Earlier this month I received an email from a Thinking Friend about cherry picking. He said that he prefers “the Greatest Common Denominator” in spiritual traditions.
Then he wrote, “Does this make a ‘cherry picker’ of me? But even when I was exclusively Christian, I exercised discernment regarding the Bible, as you do. Of course I cherry pick! I want the ripe, not the unripe and rotten.”
But is it legitimate to cherry pick when deciding which verses in the Bible, or which parts of a religion’s doctrinal statements, to accept or reject?
Cherry picking can certainly be used illegitimately. It is listed as one type of fallacious argument—and it is sometimes. But not all cherry picking is wrong or fallacious.
Consider this example.
As most of you have heard, Adrian Peterson, the star running back for the Minnesota Vikings, was indicted earlier this month on charges of reckless or negligent injury to his four-year-old son. He is accused of beating his son repeatedly.
But Peterson’s child abuse indictment has led to some people to hold up for spanking or switching children.
Corporal punishment of children has long been considered as divinely sanctioned by many conservative, “Bible-believing” Christians. After all, the Bible says, “Whoever spares the rod hates their children, / but the one who loves their children is careful to discipline them” (Proverbs 13:24, NIV).
The oft-quoted words “spare the rod and spoil the child,” though, don’t come directly from the Bible. They are from a 17th century poem by Samuel Butler.
Still, the admonition in Proverbs is taken quite seriously by many. But what about Deuteronomy 21:18-21?
That passage says, “If someone has a stubborn and rebellious son who does not obey his father and mother and will not listen to them when they discipline him,” they are to take him to the elders and then “all the men of his town are to stone him to death.”
Thank goodness for cherry picking!
Many other examples could be given of Bible verses that even the staunchest fundamentalists do not take seriously.
There are, however, many examples of Bible verses that fundamentalists do take literally but which “moderates” (or “liberals”) do not consider normative for contemporary Christians.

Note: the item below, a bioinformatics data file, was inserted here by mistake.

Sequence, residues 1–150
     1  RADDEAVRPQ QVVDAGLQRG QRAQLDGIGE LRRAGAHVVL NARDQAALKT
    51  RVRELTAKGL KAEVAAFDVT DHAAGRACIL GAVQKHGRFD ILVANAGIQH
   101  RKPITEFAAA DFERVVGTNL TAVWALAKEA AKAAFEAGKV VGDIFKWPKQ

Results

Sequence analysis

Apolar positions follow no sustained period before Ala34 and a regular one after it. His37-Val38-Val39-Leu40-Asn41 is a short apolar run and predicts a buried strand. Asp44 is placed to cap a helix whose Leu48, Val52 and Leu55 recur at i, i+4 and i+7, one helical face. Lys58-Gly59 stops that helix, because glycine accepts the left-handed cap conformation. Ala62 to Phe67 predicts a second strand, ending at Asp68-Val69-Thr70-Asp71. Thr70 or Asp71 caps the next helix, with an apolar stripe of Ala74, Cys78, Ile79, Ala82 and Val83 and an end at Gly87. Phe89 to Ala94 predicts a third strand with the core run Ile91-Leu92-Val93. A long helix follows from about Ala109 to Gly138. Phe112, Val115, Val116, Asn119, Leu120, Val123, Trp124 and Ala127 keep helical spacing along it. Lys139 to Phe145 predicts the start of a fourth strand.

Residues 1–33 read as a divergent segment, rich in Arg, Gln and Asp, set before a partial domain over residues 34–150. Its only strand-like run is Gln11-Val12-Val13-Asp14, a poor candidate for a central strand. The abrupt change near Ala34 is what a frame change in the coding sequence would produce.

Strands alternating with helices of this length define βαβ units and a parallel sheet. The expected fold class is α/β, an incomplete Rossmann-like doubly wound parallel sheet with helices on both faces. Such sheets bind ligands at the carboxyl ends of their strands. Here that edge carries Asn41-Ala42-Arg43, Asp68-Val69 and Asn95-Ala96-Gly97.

One example, of many that might be given, is 1 Corinthians 14:34, which says, “Women should remain silent in the churches. They are not allowed to speak, but must be in submission, as the law says” (NIV)
Is there any justification for cherry picking and downplaying that verse? And if so, what?
A person’s theological understanding is the basis for determining which Bible verses to follow and which to all but ignore.
Accordingly, as a seminary teacher I long stressed, but perhaps not strongly enough, that systematic theology is more important than biblical studies.
Sound exegesis on the basis of a thorough grasp of Hebrew and/or Greek is important—but not the most important.
Biblical study in and of itself cannot determine which verses/passages are normative. That is the job of systematic theology, formed perhaps by use of the “Wesleyan Quadrilateral.”
That unwieldy term refers to John Wesley’s methodology that said the four sources for theological development are scripture, tradition, experience and reason.
Of those four, scripture is the most, and tradition the least, important. But together they form a good basis for constructing a view of God, humankind and the world that, in turn, helps one interpret and apply the Bible correctly.